EXCLUSIVE: Tale of Trapped Chilean Miners Heating Up AFM
Movie started shooting five days after the 33 miners emerged Oct. 13.
Antonio Recio's The 33 of San Jose, being sold here by Argentina-based sales banner America Video Films, started shooting five days after the 33 Chilean miners emerged on Oct. 13, blinking into the sunlight and media glare that captured the attention of global audience in more than 1 billion.
The project was in preproduction three weeks before what has been labeled the feel good news story of the decade and now it is attracting heat as buyers queue up at America Video Films.
The sales banner is selling the picture worldwide after acquiring global sales duties just before the AFM kicked off.
America Video Films said a deal memo is already signed for theatrical, television and DVD rights with CCV for Scandinavia while Blue Sky Media has also signed for the same trio of rights across Eastern European territories.
The list of interested parties is a long one for the movie with a guaranteed happy ending.
America Video Films told THR they are in conversation with a major studio to take theatrical rights to the "33" and there are four U.K. distributors circling the project. Two from Japan and a duo of U.S. Spanish language television stations are also digging the project.
Writers J J Barrios and Jacobo Bergareche began penning the script with Recio on a flight from Spain to Chile, just days after the news of the miners' plight began to unfold around the globe.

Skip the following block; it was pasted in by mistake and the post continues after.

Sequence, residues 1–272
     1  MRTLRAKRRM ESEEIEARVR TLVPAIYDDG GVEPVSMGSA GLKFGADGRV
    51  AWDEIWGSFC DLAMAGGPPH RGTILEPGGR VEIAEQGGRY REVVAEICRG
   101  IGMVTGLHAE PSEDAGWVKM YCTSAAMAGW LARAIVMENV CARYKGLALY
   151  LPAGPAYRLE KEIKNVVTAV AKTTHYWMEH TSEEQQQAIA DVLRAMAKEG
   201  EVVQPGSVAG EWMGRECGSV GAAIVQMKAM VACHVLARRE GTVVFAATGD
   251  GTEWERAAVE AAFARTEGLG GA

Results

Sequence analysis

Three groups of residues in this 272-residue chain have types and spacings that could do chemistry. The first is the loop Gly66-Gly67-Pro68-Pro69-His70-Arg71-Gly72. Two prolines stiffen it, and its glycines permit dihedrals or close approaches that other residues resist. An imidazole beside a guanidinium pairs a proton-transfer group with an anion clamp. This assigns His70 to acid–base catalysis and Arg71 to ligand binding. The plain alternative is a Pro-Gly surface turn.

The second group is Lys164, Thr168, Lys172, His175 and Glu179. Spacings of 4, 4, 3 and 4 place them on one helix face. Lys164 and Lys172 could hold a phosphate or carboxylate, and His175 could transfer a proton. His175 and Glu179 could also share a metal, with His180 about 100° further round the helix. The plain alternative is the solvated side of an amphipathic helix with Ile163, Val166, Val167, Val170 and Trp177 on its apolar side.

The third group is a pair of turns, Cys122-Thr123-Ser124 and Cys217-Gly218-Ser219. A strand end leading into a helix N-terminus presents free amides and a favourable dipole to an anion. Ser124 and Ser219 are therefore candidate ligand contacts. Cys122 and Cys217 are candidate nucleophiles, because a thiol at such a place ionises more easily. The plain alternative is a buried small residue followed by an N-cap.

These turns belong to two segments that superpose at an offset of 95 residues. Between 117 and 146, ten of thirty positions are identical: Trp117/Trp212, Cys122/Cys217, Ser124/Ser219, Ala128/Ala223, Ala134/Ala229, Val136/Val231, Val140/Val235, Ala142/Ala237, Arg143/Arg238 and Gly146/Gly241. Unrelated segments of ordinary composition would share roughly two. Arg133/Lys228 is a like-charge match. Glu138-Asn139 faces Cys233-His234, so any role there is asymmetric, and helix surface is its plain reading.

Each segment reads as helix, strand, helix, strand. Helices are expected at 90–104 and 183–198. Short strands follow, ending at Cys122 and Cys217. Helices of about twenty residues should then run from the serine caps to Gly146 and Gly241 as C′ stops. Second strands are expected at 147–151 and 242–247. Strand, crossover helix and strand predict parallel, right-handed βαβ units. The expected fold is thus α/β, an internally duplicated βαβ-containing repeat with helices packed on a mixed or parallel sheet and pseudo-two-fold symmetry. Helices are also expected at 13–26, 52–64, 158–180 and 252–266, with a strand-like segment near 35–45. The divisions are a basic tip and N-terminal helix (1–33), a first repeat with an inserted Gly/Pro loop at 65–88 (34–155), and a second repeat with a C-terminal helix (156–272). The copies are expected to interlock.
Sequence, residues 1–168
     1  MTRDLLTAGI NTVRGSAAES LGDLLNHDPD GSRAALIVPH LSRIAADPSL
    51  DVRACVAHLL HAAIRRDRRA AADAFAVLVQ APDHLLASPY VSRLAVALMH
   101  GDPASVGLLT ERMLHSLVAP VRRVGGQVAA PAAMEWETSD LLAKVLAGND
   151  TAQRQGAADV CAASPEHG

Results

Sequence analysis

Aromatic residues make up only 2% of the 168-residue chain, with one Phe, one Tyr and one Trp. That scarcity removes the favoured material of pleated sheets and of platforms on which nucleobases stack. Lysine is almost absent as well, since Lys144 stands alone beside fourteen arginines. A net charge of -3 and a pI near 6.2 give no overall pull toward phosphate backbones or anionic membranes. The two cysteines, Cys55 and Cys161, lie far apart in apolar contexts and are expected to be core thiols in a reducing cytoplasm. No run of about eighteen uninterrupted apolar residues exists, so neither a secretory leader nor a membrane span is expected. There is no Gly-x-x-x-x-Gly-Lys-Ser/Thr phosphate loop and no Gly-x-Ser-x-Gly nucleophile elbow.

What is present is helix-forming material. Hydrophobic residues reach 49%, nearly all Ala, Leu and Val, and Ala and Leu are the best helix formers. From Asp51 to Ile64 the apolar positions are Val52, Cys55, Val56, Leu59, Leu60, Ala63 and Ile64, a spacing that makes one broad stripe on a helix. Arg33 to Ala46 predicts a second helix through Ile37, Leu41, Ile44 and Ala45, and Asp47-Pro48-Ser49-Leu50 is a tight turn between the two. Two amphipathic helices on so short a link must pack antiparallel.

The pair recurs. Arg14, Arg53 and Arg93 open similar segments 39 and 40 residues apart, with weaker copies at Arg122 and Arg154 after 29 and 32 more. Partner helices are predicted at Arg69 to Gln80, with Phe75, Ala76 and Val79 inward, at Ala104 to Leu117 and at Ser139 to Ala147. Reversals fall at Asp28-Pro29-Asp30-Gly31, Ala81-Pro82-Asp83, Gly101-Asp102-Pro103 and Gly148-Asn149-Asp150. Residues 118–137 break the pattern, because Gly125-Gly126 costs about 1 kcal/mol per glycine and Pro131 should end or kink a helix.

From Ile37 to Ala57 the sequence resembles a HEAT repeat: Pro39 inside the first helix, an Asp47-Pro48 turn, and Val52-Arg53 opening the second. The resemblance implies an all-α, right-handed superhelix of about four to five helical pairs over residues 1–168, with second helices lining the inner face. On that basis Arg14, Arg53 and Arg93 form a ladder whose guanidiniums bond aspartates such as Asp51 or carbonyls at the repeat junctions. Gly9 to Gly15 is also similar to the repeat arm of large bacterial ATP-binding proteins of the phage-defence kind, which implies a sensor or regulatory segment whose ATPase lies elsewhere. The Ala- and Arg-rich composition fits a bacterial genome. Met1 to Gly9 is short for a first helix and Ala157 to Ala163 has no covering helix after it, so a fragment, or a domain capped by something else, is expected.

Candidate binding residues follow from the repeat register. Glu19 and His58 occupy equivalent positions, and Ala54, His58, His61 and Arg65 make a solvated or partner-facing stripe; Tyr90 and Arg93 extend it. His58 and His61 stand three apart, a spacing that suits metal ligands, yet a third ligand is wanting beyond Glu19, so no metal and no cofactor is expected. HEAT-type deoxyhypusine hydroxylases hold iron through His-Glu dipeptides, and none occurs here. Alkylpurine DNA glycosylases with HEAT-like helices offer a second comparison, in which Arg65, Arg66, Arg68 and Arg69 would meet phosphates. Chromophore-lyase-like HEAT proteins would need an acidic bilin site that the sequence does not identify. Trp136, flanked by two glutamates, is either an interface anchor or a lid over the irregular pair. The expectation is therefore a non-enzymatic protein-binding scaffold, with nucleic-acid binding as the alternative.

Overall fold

It was on that flight they decided they wanted to do a movie about the experiences of the miners set inside the mine that looked at how they coped with the pressure of potential collapse while all the while awaiting a far from guaranteed rescue.
It is produced by Andres Calderon and Feline Braun and stars a cast of 32 Chilean actors and one Bolivian star, reflecting the identical makeup of the trapped miners. The cast includes Cristian Mercado, who counts roles in Steven Soderbergh's Che Part 2 and Contracorriente (Undertow), which unspooled in Sundance.
The ending will include extensive news footage obtained via an exclusive deal struck between by backers Spanish broadcaster Antenna 3 and Chilean channel 13, who helped gather much of the footage watched by the world.
The trailer, being shown here for the first time, shows footage of the actors shot on location in a Chilean mine near the real one. It promises to take the viewer underground into the claustrophobic cavern that was their home for 69 days. "You've seen the outside, now take a glimpse of what it was like inside," it promises.
With a trailer and a one-sheet bearing the promise that the movie is the story of how the miners behaved and survived their underground ordeal, the speed with which America Video Films and the backers are bringing the movie to market is certainly speedier than the caged elevator capsule that finally freed them.
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